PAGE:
A few of you may have heard that one of my cats died recently. Harry, so named for the lightning-strike-shaped black and white markings on his leg, was hit by a car a fortnight ago. Readers, I was devastated. Completely and utterly, hysterically and uncontrollably distraught. I had to leave work to go home and ‘be sad’, as Anna so succintly put it.
Harry’s first ever photo.
I don’t know what I was expecting, but it turns out that grieving for a pet is not dissimilar to grieving for a human. If you’ve never had a pet, or never lost your pet, believe me-I know that sounds mental. I thought that when one of our much-loved kittens died (way, way, waaayyyy in the future) that I would be quite sad and cry and miss the cat very, very much. I was not prepared for a fully-fledged demonstration of the Kübler-Ross model
. When Phil phoned me at work to tell me that he’d found Harry lifeless in the garden, my first words were, ‘No, don’t be silly…’ I then cried A LOT down the phone at Phil, who in turn was clearing his throat and sniffing LOT. When the crying was under control I was furious-who would hit a tiny cat in their car and drive off without even attempting to help? What kind of ******* ******* does that? There was much yelling in the direction of the telephone and all that Phil had to say in response, obviously, was ‘I don’t know, baby…’
Bargaining seems to me to be the cruelest of the five stages of grief. When you are grieving a death, there is no bargain you can make with any higher power that will reverse the pain you’re going through. And yet we try. I told Phil we should have raised Harry as an indoor cat (ridiculous notion-he could catch rabbits twice his size and bring down 2 pigeons with one swipe, that boy was NEVER made to live indoors), I promised God that I’d never let Lucy outside again and that I’d buy the expensive cat food if we could just have Harry back, please. Bargaining hurts.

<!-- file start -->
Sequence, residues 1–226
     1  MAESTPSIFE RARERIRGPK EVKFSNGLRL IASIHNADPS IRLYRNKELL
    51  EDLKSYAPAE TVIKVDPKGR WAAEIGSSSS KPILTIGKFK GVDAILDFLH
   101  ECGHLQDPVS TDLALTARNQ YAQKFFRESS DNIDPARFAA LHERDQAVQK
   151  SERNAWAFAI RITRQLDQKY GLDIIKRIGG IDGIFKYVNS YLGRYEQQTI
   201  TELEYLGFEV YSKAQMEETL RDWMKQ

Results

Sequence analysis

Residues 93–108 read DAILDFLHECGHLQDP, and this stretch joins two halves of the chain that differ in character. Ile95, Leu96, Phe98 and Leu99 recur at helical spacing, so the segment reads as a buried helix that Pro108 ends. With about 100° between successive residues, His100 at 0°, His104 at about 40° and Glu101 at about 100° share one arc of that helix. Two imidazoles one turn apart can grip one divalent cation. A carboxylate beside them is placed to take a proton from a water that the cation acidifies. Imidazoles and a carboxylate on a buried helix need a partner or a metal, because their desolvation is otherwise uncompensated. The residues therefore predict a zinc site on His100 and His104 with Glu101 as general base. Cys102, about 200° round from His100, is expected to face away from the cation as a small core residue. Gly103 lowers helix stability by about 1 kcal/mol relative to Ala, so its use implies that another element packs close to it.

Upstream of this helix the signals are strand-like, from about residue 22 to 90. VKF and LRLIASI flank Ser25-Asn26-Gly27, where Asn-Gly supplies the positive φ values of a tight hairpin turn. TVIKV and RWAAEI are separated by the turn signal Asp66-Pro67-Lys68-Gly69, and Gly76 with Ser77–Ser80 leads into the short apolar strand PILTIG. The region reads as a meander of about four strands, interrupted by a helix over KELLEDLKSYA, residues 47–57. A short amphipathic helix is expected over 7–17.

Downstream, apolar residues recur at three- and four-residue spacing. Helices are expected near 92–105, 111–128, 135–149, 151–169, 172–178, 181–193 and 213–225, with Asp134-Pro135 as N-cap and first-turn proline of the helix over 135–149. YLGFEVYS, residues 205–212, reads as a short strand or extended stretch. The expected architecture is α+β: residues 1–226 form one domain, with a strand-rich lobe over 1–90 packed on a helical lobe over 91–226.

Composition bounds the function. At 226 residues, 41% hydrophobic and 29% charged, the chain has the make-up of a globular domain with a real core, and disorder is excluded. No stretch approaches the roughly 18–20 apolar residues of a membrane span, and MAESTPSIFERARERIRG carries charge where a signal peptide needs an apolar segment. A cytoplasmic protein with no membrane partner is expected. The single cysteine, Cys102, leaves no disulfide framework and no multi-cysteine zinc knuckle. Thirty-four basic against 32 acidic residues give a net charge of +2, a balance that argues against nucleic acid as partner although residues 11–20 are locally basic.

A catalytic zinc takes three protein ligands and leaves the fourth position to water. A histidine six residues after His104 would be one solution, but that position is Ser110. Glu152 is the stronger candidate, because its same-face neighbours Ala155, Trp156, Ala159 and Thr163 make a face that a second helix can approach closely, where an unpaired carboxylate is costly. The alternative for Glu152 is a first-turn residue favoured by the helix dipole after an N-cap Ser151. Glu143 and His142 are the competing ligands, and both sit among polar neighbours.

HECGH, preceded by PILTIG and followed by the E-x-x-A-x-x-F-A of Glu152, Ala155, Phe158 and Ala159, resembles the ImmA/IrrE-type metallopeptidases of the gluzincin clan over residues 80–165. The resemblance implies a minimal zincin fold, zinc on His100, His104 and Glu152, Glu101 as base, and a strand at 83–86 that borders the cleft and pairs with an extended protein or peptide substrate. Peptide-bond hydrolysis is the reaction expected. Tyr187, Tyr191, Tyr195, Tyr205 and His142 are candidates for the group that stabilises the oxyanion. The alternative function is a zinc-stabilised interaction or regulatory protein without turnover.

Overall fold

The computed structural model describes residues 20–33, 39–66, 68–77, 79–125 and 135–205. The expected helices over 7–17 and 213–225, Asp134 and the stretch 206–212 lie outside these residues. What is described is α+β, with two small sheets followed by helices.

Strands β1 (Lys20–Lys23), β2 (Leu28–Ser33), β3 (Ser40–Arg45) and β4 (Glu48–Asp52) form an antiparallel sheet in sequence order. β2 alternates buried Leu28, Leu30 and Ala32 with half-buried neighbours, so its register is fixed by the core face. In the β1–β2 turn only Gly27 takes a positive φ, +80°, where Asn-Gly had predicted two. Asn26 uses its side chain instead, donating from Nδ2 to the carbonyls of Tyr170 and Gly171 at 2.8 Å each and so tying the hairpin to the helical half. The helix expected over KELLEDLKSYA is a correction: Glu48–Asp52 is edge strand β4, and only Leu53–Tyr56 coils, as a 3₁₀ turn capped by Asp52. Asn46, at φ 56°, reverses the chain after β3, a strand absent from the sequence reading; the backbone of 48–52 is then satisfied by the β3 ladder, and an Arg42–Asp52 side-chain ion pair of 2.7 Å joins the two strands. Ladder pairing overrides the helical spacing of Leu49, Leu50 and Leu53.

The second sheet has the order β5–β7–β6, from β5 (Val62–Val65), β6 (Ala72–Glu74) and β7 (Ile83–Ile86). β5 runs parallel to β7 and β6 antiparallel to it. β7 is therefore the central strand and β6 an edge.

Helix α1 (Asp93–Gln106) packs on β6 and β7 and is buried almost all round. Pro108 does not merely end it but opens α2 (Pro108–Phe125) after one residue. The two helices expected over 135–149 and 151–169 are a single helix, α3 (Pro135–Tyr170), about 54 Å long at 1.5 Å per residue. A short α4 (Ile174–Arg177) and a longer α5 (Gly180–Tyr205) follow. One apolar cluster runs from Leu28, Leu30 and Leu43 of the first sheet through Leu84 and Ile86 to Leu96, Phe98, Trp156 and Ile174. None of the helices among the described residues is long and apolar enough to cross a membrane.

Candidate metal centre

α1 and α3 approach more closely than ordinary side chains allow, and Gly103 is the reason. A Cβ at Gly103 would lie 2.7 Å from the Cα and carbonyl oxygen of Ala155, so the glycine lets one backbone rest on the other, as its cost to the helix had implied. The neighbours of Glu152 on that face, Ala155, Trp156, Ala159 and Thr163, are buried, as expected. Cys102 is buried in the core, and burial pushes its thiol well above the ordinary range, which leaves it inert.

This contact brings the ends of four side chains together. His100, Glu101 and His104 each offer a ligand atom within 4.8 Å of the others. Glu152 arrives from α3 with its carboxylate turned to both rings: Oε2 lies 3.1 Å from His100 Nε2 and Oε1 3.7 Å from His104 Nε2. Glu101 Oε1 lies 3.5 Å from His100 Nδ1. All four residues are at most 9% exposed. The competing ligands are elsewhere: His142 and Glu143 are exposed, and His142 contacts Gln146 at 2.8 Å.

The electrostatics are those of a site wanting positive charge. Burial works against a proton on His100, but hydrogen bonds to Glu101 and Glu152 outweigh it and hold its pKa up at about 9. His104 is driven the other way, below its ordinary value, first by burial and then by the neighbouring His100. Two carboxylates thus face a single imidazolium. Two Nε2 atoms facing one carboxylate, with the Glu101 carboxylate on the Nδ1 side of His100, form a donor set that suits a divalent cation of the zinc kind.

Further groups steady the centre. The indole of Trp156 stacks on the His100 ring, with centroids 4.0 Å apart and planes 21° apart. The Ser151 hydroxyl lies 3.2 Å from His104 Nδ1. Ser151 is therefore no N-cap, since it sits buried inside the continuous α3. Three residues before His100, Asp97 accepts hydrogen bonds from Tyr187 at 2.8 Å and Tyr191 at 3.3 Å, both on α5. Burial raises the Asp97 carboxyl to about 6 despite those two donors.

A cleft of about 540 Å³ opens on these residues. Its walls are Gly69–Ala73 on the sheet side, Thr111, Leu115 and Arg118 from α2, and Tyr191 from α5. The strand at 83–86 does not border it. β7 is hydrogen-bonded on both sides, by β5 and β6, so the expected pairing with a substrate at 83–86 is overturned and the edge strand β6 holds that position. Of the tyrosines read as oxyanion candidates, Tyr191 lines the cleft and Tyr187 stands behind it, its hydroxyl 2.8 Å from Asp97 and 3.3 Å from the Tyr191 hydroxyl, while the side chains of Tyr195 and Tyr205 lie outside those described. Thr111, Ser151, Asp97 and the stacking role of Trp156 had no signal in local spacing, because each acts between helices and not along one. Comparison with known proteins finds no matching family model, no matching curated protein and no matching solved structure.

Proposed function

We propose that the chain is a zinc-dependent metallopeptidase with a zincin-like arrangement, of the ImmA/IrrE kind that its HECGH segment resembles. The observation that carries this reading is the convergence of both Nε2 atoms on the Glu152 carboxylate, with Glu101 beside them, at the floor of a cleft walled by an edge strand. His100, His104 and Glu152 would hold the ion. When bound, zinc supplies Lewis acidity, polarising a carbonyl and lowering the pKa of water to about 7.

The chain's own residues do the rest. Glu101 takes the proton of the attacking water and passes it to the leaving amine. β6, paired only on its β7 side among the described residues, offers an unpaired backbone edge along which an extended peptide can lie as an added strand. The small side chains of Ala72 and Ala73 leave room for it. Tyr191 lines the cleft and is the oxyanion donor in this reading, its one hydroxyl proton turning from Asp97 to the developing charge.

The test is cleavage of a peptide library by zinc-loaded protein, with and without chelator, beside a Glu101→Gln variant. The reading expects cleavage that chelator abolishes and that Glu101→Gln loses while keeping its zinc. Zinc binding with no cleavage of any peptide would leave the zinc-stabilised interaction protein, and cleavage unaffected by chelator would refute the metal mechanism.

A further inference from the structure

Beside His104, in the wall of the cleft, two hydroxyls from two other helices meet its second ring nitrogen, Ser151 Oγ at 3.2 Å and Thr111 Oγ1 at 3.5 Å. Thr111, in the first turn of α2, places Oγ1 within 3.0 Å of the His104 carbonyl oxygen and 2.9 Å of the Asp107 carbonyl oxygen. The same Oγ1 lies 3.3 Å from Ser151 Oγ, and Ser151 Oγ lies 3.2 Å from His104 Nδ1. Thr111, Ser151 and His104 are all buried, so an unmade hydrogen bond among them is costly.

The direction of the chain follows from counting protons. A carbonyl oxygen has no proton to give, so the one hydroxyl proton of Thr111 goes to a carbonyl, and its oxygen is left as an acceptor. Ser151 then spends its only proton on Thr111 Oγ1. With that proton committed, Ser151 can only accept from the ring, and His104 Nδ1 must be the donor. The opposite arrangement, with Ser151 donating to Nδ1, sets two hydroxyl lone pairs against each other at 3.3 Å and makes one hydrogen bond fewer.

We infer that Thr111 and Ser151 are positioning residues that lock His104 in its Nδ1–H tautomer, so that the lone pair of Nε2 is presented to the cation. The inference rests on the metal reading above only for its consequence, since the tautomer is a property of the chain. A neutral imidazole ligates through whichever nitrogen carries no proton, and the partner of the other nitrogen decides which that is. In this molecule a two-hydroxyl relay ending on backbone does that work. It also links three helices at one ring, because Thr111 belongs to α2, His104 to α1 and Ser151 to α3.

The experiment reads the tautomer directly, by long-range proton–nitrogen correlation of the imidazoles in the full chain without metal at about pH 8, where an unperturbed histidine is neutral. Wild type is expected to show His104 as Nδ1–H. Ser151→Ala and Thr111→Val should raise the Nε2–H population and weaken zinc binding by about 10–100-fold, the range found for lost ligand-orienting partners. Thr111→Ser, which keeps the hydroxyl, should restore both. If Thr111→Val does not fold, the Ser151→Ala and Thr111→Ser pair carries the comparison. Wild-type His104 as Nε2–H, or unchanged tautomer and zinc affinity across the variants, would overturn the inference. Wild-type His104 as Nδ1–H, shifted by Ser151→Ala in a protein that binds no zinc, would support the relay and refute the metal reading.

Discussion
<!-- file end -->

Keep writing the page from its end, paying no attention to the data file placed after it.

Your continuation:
And then came the inevitable. The crushing sadness and depression. And ohholyhell we were sad. So.much.crying. And not just from me. But mostly from me, I’ll be honest. It felt like I was the saddest girl in the world and that everything bad that could possibly happen to one person was happening to me, to us. It felt like if Harry was fine and scaling the living room curtains and licking the dining room chairs then everything else would be ok too. Which is, of course, nonsense.
Finally, acceptance. Of sorts. I am still angry that someone hit our little cat and didn’t take him to a vet. I still feel guilty that I didn’t make more of a fuss of him when I fed him his breakfast that morning. I still, though with reduced frequency every day, expect to hear him head-butting his was through the cat flap at warp speed. We’ll always miss him, but the sting of loss is gone.
The only difference I found in grieving for Harry the cat, rather than my beloved Nanny or my best friend’s father, was the length of time it took to ‘officially’ grieve. Grieving for a person takes a lot longer. The stages are more drawn out, the gaps between them more pronounced. I had to leave work the day Harry died, so extreme was my sadness. The next day I was back at work, bleary eyed but able to focus, not at all on the edge of erupting into tears. I was ‘ok’. I’d gone through all five stage of grief and come through the other side, in one day. Exhausting, yes. But quite efficient.
I learnt a lot, that horribly sad day two weeks ago. That people will come through for you, when you need them. That my friends are amazing and that my husband will do almost anything to protect me from pain. And that grief is grief. No matter who you’re grieving for.
Readers, what are your experiences of grief? Everyone is different, certainly…